Note that by incrementing ‘t’, each successive (x, y) point is modified slightly even when the translational, amplitude, or wavelength coefficients ‘a’ through ‘h’ are held constant. This is generally true with any planar function, though in our previous examples we graphed a series of functions rather than adjusting a ‘t’ value. This allowed us to follow more closely the differences in the coefficients. If we graduate to a more advanced parametric function for determining each successive (x, y) point as ‘t’ increases, we may create an example such as the following:
The Guilloché pattern above is entitled “The Slinky” and
can be seen along with others on the web at
http://www.atsweb.neu.edu/math/cp/blog/Guilloche/Guilloche.htm. These types
of dynamic geometric patters are actually fairly predictable once one becomes
comfortable with how the various transformational coefficients affect the shape
of a given equation’s graph. Like anything else, practice producing and
interpreting the graphs that emerge from manipulating transformational
coefficients makes understanding come more quickly.
Secondary level mathematics students will probably never produce patterns that are as sophisticated as those seen on paper money, but by looking at the various geometric patterns a base function can produce, one should be able to identify how the coefficients are being manipulated. Students should also be encouraged to create their own patterns, and by experimenting with the coefficients, be able to bring their own flavor to the patterns they generate. Because of the consistency in how these coefficients affect the shape, location, and direction of various base functions, students learning about pre-calculus mathematics should begin to gain an excellent sense of curve sketching in a very short time. Who knows, they may even learn something about connecting other mathematical topics to the real world through creative outlets like Guilloché patterns.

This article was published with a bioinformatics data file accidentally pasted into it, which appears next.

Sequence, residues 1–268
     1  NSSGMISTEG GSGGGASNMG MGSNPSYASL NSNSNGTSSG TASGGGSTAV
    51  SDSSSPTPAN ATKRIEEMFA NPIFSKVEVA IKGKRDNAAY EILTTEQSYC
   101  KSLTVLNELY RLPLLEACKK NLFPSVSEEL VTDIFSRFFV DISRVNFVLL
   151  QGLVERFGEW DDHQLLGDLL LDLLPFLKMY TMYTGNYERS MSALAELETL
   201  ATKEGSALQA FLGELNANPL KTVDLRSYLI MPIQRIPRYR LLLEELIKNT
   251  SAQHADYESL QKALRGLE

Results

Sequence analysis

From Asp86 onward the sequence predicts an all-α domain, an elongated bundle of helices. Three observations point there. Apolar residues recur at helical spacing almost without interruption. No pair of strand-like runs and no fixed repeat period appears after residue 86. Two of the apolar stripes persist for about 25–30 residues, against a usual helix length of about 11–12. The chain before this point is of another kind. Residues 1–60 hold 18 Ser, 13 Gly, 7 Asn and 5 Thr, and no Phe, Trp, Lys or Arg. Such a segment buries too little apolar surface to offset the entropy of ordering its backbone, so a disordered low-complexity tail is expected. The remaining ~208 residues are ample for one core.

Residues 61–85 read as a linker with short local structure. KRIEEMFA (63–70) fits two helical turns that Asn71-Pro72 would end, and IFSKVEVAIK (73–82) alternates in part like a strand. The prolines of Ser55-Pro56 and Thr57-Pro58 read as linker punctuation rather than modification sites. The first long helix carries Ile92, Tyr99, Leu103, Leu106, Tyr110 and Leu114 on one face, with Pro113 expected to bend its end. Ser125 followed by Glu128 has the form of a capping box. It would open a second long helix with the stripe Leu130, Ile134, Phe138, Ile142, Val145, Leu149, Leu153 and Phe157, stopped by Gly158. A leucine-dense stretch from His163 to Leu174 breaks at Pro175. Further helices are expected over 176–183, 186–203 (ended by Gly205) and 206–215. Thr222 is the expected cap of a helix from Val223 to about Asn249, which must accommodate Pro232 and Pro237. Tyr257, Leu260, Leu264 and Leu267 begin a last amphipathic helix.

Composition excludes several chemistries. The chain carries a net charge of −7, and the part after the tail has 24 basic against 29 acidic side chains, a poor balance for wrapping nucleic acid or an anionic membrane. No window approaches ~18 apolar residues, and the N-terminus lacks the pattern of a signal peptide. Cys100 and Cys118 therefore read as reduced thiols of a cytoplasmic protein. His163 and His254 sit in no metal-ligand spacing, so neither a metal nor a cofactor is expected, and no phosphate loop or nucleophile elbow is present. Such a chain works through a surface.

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Vakil, Ravi. (1997). A Mathematical Mosaic: Patterns and Problem Solving. Brendon Kelly Publishing Inc.
Stegenga, Wil. (2002). Geometric Patterns and Designs for Artists and Craftspeople (Dover Pictorial Archive Series). Dover Publications